Archive for March, 2013

March 20, 2013

apparently, ‘picking out’ psych meds is like trying out cereal


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Sometimes while  I watch some mindlessly good television or when I listen to some Rich Eisen podcasts, I take online surveys via those sites that pay you for taking them.  Some of the surveys are rather interesting, and occasionally it’s a way to get to know what products may be in the pipeline for various brands.  The other day, I took a survey that wasn’t about shopping, alcohol or cars; it was about bipolar meds—which I’m happy to answer questions about since I’m familiar with many of them.  So, I began the survey only to realize several things, both about me as a psych patient and about the industry that supplies these medications.

One, it reminded me very early on in the survey that I’ve taken a lot of them (see screen shot 1-sorry about the poor quality of photo). The truth is, while I did not check every single drug they listed on this page, I probably may have taken some of those but just don’t remember them as well.  Also, I’m pretty sure I’ve taken other meds not listed on this page that don’t qualify as bipolar meds per se, but are still mood altering.  It was a horrifying moment to see the glowing list in front of me and having to confront my history. But the fun of this survey had only just started.

A few pages after having to confess my medication history, an interesting question was posed to me (as seen on screen shot 2: this one can be magnified): how likely am I to try the following bipolar meds?  They gave me a short list of the newer p-meds out on the market, and asked me to give my inclination toward them. There was no description of the chemistry of these medications, what class of psychiatric meds they’re in, or really anything else.  Just the names.  Like whether I’d try Quaker Oats brand cereal versus ones by Erewhorn.  While I admit that I had already taken most of them on this list, too, it made me almost cringe in having to wonder what kind of patients those of us with mental illnesses have become.

The survey eventually led to showing of several different commercials and print advertisements, and then asked me stuff like my reaction to the commercial, etc.  And then it asked how likely I am now to ask for that particular drug to my doctor.  It was rather insulting that these companies think I’d be persuaded to ask for a drug because their ads looked pretty.  But furthermore, what is the purpose of having a psychiatrist if we, the patients, just point and ask for these medications, like we’re picking out our favorite easter candy? Well, according to this survey, our doctors really have just been reduced, to put it bluntly, to that of a drug dealer.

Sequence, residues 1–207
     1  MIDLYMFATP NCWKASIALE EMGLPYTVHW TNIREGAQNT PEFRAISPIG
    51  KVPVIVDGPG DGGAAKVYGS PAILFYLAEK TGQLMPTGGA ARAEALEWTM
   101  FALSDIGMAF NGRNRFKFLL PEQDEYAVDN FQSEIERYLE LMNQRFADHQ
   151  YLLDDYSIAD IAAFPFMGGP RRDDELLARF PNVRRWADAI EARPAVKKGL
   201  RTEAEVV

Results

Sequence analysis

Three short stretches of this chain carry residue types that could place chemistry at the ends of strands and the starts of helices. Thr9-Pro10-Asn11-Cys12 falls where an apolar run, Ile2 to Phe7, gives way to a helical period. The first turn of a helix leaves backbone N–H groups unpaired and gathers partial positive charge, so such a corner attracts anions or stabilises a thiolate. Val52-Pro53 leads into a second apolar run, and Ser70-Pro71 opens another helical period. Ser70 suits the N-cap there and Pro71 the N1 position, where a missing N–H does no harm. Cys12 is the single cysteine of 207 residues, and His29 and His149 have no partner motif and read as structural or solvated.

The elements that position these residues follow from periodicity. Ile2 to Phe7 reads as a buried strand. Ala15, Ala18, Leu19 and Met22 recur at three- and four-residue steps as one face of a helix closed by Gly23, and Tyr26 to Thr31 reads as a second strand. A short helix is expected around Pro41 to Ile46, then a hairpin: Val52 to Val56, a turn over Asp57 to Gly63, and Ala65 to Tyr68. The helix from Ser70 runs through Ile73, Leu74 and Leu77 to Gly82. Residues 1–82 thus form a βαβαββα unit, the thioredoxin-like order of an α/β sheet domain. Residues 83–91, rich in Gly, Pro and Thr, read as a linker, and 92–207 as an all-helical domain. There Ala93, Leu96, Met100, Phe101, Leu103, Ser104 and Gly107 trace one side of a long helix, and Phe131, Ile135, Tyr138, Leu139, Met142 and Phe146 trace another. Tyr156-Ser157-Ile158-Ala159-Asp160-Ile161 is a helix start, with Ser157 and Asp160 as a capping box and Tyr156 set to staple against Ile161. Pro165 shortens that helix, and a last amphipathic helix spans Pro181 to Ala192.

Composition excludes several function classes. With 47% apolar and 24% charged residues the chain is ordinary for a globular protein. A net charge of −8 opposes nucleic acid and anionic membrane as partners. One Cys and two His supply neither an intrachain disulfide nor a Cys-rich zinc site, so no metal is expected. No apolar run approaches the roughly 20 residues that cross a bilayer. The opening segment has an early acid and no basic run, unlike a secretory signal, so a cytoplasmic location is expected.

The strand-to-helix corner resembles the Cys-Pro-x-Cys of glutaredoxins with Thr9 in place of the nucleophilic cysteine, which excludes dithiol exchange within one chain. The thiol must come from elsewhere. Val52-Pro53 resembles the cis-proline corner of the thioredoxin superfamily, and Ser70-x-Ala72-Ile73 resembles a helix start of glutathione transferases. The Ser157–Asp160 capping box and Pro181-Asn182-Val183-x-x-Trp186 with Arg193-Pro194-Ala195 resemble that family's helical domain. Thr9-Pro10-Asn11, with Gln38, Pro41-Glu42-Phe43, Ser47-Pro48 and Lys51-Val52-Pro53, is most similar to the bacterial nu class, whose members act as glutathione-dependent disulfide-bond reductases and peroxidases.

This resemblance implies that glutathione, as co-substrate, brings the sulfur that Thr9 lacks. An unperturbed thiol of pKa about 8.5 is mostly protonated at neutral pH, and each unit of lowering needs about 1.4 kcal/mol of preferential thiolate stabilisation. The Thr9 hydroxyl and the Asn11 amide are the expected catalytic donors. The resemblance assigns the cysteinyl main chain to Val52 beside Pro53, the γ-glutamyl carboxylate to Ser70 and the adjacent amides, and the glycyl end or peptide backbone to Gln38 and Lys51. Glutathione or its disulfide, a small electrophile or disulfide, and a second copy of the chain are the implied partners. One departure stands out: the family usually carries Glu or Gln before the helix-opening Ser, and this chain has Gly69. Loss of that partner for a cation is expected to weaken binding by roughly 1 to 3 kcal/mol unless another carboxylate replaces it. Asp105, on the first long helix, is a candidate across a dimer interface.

From taking this lovely survey, two big conclusions were drawn.  As many people already know, the drug company’s job, while it is to help people through chemistry, is to be a profitable company.  And like any product, they will market them to the public as allowed by law.  But perhaps what’s more important to learn for people taking medications is that the responsibility is largely on us,the customer, to be alert about medications being pitched to us like a new cleaning detergent.  It’s hard to be discerning when we’re so desperate to get through another day or even a minute of agony that comes with mental illness. But we really have no choice but to pay attention to what we’re ‘asking for’ or being given samples of by our doctors.  And we should expect our doctor, the person we paid for in order to get their professional advice, to steer us to make informed decisions when taking new meds.

I wish I had taken a few more screen shots of this survey since it was quite fascinating.  But more than that, it made me worried about the direction that the treatment of mental illness is taking in regard to the approach that tries to make us try medications like we’re choosing our next favorite cereal.

March 15, 2013

a raw deal: accepting side effects of psych meds


A little while ago when I was making an effort to be less of a hoarder, I came across a piece of paper I hadn’t seen in a long time.  It was my psych hospital discharge sheet from September 2004, the stay that came about because of a wholehearted attempt at suicide.  What was most interesting about looking at this sheet was the list of medications that I was told to take……something like eight different things.